The National Defence College (NDC) located at New Delhi, is India’s apex institution of learning for the study and practice of National Security and Strategy. Established in 1960 it has over the years earned a reputation for excellence and gained world renown. It is dedicated to the intellectual development and strategic enculturation of selected senior officers of the armed forces and civilian government services of India and those from foreign countries, for higher leadership positions and responsibilities.
In July 1958, the Ministry of Defence accepted the need for broad-based training within the country, for senior decision-makers, on matters related to national security and strategy. They recognised that such training would be more useful if it encompassed not only defence matters but various diverse subjects related to national security. The Parliament Estimates Committee established the feasibility of setting up an institution for imparting such training in India, on the pattern existing in other countries with advanced military capabilities.
On May 6th, 1959, the Cabinet Defence Committee approved the proposal for establishing the National Defence College. On September 15, 1959, the Defence Minister issued formal orders, conveying the sanction of the President of India for setting up a National Defence College (NDC) in India for preparing senior service and civil officers for assuming higher responsibilities in the planning and management of national security and strategy.
In July 1959, Lt General K Bahadur Singh was appointed the first Commandant of the College. By the end of the year, he formulated detailed plans including the aim and the charter of NDC as well as the scope of studies at the College. The Chiefs' of Staff approved them on December 25, 1959.
On April 14, 1960, the Ministry of Defence, laid down the following aim for the College:-
The NDC will provide joint training and instruction to senior service and civil officers and will be under the administrative control of the Ministry of Defence. The study at the College will relate to strategic, economic, scientific, political and industrial aspects of national defence.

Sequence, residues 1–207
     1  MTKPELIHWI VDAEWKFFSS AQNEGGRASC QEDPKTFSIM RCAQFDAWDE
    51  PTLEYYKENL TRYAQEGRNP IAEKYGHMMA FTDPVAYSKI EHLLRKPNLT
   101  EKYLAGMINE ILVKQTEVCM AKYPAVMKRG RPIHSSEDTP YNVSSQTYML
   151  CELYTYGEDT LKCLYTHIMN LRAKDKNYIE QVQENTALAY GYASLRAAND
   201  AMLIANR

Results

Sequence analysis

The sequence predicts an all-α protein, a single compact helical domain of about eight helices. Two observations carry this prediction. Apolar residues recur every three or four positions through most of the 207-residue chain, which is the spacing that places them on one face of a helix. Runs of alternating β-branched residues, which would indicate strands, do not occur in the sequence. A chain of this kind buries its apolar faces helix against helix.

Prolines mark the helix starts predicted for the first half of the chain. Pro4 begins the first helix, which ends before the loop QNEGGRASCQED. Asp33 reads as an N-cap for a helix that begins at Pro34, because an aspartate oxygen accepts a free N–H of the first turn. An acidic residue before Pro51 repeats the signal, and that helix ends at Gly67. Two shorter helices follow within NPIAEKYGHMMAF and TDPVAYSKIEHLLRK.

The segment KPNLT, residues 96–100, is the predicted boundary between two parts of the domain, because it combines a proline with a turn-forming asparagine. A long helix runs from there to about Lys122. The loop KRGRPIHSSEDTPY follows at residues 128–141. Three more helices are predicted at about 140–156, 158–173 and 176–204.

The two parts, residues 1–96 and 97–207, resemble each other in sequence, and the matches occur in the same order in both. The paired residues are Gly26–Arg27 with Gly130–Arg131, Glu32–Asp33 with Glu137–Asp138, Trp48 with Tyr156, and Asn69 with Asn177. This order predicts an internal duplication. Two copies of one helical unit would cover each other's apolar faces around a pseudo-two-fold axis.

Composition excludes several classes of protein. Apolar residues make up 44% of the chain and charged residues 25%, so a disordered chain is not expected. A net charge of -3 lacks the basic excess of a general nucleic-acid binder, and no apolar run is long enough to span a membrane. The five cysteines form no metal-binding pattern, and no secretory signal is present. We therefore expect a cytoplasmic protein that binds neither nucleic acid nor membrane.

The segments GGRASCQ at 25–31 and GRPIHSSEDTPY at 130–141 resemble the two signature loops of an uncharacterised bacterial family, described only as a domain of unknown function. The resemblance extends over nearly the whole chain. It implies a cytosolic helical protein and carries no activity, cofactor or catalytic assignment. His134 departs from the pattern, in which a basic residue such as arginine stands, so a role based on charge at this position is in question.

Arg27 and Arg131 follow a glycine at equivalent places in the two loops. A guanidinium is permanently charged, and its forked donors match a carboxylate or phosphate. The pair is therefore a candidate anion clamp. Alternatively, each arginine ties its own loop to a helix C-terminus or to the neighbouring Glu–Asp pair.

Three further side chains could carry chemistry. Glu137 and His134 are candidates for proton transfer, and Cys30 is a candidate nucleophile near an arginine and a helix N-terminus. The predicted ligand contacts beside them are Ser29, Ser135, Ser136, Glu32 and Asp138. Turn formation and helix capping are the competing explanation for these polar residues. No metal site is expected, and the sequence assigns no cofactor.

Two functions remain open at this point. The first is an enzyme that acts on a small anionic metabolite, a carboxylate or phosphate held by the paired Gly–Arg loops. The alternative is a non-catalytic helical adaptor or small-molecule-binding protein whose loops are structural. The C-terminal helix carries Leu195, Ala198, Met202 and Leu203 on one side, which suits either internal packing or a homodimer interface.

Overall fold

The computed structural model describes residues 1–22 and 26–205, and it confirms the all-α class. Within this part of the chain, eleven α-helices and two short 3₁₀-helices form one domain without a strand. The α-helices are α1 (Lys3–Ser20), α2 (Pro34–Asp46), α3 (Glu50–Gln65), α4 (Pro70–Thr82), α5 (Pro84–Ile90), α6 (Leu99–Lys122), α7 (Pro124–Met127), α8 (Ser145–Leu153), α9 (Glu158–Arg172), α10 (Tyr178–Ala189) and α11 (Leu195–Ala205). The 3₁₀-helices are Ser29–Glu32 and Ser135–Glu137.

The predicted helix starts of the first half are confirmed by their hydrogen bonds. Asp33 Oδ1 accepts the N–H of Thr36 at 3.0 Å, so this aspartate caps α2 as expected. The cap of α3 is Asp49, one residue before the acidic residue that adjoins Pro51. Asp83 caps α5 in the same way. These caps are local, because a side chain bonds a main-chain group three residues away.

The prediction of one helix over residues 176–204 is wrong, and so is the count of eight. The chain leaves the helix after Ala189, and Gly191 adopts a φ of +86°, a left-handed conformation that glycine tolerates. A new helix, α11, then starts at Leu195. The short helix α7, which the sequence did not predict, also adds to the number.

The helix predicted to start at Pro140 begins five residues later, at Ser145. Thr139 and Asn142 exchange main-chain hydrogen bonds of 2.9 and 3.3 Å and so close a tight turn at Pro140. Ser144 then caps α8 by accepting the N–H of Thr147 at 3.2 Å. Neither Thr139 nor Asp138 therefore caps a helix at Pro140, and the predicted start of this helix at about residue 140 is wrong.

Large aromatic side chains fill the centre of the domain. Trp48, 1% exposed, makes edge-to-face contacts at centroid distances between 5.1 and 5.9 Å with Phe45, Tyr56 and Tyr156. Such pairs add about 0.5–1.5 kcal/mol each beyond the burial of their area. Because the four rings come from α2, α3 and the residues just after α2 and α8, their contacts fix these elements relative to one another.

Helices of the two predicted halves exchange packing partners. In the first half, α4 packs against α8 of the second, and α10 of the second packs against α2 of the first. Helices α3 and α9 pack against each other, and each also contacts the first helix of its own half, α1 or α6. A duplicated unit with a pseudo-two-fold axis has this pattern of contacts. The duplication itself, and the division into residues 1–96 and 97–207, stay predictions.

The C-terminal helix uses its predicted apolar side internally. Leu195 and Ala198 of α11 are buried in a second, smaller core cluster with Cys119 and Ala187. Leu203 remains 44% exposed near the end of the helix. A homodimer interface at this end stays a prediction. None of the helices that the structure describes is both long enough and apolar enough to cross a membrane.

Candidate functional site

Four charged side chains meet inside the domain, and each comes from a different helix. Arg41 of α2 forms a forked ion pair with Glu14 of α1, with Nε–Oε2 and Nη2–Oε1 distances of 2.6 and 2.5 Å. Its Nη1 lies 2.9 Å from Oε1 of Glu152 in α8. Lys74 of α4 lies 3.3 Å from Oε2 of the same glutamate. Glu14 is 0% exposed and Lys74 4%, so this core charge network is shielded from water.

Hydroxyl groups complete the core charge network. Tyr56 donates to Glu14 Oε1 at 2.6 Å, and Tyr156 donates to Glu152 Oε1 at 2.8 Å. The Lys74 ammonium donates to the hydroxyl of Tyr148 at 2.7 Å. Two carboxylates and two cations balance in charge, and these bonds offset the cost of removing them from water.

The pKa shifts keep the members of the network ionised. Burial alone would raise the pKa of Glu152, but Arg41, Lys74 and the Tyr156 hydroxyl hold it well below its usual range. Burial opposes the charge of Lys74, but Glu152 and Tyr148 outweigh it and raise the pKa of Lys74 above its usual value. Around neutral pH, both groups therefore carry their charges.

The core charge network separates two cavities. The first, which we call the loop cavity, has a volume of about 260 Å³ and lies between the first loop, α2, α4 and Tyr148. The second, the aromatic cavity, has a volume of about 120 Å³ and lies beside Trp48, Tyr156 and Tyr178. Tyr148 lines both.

Based on the aim, the scope of the study was planned to include an examination of internal and external threats to the security of India as well as possible trends for the next ten years. Studies would include analysis of diverse factors such as foreign policies of other nations, conflicts over vital economic interests or territorial claims and factional, communal or political differences. Members of the course would also analyse the formulation of a national strategy for various contingencies up to and including the outbreak of war. Based on these guidelines, the first Course at NDC commenced on April 27, 1960.
The National Defence College was organised on the pattern of the Imperial Defence College (now Royal College of Defence Studies) of the U.K. with its location in New Delhi.
The historic occasion was fixed for 10.00 AM on Wednesday, the 27, April 1960. The Prime Minister, while inaugurating the College gave his famous quote which formed the Motto for the College. Keeping in the background situation and security environment, prevailing at that time, he outlined the importance of broader defence strategy. He stressed this to meet new dangers of a 'continuing nature' on India's frontiers. He said:
"We desire to live peacefully and co-operate with all neighbours. Nevertheless, no defence apparatus could live in a pure idealistic way. It has to be very realistic and remain prepared for any emergency".
The Prime Minister emphasised the need for an effective coordination between defence services and other aspects of the country's economic, industrial and administrative life, including the country's foreign policy.
He said, 'The organisation of this institution had become a positive necessity to meet the defence problems as they were likely to be in future. India had to face these problems continuously for a considerable period'. He further added that the National Defence College had to develop a broader outlook and understanding, out of which would grow a broader strategy. The defence itself is not an isolated matter now. It is intimately connected with the economic aspect, industrial aspect and many other aspects in the country.